Central planning has a tendency to consume considerable resources solving problems it creates. Some of the problems occurring in the San Francisco Bay Area have morphed into “crises,” such as the housing crisis. Other problems are viewed as major inconveniences that must be treated as forcefully as one would a swarm of locusts. Presently, in the latter category is traffic congestion. Central planning encouraged concentrations of employers in relatively small areas, called for concentrations of housing and accompanying housing subsidies in prescribed corridors, and neglected transit. The result is traffic congestion, a problem now in need of solution.
In central planning, solutions come in the form of more legislation. On October 10, 2017, Governor Jerry Brown signed into law Senate Bill 595, Metropolitan Transportation Commission – Toll Bridge Revenues – BART Inspector General – Santa Clara Valley Transportation Authority – High-occupancy toll lanes. As the topic of this bill indicates, this regional legislation calls for administrative changes as well as funding. The bill contains provisions for treatment of different kinds of vehicles, types of toll payments, occupancy, and peak traffic. Here we will briefly mention two clauses in Senate Bill 595.
* SB 595 Creates the Office of the BART Inspector General, upon voter approval, and prescribes its roles and responsibilities.
The Nine-County Coalition has repeatedly offered examples of the trend towards bureaucratic rather than legislative management. Tax payers are increasingly paying for elected officials who should be responsible and accountable for efficient management of their jurisdictions and also paying for unelected bureaucrats to oversee the elected officials. As a result, cost of governing California keeps increasing and voters’ power at the ballot box decreasing – all without any guarantee that the oversight bureaucracies would be any more efficient or accountable than the elected officials.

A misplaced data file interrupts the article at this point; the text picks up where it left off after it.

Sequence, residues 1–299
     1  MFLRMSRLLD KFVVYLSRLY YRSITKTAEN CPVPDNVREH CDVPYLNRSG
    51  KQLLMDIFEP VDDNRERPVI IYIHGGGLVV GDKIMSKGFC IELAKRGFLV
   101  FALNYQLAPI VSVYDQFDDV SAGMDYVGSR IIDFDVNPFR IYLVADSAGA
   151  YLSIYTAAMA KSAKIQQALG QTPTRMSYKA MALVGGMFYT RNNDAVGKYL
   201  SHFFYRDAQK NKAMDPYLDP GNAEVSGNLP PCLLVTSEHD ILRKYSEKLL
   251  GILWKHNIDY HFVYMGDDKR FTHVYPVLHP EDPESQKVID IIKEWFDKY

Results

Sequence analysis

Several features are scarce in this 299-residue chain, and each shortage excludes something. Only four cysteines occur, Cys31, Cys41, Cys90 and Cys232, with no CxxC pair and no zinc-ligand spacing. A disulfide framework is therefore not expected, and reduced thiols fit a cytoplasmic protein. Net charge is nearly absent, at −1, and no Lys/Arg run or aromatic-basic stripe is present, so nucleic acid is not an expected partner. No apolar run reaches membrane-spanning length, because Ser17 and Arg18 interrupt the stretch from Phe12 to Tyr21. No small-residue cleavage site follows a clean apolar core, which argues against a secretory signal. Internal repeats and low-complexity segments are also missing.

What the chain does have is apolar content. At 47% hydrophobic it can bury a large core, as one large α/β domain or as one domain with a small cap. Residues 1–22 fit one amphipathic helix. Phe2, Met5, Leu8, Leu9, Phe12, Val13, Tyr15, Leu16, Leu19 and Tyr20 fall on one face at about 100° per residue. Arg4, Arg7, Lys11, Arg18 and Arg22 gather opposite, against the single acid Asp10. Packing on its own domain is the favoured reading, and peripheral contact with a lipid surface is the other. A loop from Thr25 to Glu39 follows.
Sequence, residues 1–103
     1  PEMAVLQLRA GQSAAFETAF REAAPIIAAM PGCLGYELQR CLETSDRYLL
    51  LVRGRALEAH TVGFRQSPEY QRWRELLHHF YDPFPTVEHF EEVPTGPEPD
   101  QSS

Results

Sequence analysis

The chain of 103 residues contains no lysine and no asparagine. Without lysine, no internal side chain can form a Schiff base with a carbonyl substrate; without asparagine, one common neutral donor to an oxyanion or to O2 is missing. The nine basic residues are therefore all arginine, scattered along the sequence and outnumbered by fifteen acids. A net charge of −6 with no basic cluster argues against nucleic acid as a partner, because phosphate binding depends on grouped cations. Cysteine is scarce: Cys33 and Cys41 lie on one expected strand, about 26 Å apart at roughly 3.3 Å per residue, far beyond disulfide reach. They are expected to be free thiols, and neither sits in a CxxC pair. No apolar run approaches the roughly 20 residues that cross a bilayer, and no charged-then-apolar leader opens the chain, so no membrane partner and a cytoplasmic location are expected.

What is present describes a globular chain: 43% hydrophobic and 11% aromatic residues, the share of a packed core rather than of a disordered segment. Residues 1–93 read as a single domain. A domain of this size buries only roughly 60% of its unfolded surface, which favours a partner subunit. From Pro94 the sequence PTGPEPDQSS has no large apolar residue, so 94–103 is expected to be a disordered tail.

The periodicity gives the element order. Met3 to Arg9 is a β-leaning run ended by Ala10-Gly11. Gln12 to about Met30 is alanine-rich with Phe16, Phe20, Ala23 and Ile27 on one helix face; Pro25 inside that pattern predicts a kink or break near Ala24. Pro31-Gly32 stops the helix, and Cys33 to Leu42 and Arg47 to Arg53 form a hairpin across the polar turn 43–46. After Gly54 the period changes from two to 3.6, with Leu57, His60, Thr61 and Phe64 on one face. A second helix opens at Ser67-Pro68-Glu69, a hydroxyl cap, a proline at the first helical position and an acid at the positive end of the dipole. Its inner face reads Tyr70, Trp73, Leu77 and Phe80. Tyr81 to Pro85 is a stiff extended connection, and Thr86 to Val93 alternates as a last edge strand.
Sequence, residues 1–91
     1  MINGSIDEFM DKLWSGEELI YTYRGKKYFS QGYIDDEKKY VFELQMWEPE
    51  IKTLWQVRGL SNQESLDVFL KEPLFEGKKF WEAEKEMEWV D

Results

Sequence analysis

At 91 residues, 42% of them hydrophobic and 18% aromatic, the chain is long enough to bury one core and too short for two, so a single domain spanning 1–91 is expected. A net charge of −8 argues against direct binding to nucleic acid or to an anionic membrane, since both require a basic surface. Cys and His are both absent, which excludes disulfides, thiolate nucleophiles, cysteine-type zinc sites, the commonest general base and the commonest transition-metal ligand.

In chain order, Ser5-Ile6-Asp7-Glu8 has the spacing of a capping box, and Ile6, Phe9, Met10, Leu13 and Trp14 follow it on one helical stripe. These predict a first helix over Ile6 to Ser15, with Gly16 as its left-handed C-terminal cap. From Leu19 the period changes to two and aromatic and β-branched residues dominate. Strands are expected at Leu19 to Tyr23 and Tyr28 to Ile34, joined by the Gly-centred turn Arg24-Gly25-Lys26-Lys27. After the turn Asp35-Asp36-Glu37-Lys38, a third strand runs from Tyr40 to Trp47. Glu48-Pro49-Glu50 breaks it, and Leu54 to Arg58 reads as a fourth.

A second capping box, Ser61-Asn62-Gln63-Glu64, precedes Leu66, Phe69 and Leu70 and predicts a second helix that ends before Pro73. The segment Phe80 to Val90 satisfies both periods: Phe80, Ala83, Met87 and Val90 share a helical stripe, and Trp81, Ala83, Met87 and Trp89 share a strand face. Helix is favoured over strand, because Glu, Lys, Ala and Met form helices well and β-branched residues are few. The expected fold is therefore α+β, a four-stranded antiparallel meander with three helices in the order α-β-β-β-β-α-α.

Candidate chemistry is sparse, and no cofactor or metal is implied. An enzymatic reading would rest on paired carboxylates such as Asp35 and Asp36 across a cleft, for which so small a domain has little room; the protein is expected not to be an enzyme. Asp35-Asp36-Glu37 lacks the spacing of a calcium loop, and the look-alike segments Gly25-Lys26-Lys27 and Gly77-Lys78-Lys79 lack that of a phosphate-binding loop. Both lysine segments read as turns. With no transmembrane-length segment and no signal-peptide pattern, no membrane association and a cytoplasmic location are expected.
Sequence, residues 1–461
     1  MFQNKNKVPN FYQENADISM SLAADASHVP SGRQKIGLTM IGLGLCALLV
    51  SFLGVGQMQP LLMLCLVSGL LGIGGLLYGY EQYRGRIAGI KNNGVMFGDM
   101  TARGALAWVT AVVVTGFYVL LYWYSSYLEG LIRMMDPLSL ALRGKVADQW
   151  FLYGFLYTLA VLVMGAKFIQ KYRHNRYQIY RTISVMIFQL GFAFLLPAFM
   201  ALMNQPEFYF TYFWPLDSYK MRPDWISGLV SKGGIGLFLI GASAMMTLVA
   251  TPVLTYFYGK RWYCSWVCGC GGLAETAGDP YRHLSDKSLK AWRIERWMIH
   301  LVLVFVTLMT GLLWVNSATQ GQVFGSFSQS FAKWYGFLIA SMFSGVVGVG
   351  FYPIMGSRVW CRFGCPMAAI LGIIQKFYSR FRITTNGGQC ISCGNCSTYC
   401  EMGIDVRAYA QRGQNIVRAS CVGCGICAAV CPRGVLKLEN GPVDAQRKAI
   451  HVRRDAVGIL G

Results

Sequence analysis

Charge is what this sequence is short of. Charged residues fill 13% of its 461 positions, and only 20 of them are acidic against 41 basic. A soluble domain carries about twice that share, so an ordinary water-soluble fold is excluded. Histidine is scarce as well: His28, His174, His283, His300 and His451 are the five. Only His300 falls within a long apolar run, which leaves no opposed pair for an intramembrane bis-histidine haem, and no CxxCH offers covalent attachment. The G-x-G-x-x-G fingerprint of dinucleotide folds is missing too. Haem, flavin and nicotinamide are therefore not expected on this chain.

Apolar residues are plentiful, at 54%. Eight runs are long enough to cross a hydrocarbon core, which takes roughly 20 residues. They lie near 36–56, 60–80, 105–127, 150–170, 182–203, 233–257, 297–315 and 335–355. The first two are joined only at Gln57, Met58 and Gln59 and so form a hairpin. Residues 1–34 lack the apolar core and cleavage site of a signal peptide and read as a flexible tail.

This clause was requested by Senator Steve Glazer, who has been critical of BART’s union-management issues. We certainly appreciate his concern. However, a less expensive solution might be for voters to directly hold BART’s elected board accountable by voting incumbents out until the message is clear: Do a good job or you are out.
* The centerpiece of Senate Bill 595 is a toll increase of up to $3 on all Bay Area state-owned bridges, soon to appear in all nine county Bay Area ballots.
The bill states: “To improve the quality of life and sustain the economy of the San Francisco Bay area, it is the intent of the Legislature to require the Metropolitan Transportation Commission to place on the ballot a measure authorizing voters to approve an expenditure plan to improve mobility and enhance travel options on the bridges and bridge corridors to be paid for an increase in the toll rate on the seven state-owned bridges within its jurisdiction.”
It will be up to the MTC to decide what the increase will be, as long as it is up to $3. So, we need to wait to see whether we can afford the toll or not.
The up to $3 increase is not an increase in a user fee. The spending plan calls for funds to be allocated to several transportation projects, such increasing the BART fleet, enhancing ferry service, funding BART to San Jose Phase 2, extending Caltrain to downtown San Francisco, expanding the SMART rail system. Additionally, “the bill also includes a $150 million grant program to improve bicycle and pedestrian access to regional transit hubs and to close gaps in the San Francisco Bay Trail.”
Certainly, if residents choose public transportation systems, tax dollars are needed to fund those systems adequately. The question here is what is adequate. Do we simply pay until we see results, no matter how expensive that gets? Do Californians insist on user fees rather than transportation taxes as means of determining true costs – BART riders pay for BART, bridge users pay for bridges, bikers pay for bike lanes and bike trails, Caltrain riders pay for trains, etc.
The Reason Foundation Annual Highway Report is often quoted to show how California stacks up against other states. In the 22nd Annual Highway Report, published September 2016, Reason ranked California 42nd out of 50 in overall state highway cost effectiveness, with a rank of 1 being the best and a rank of 50 being the very worst.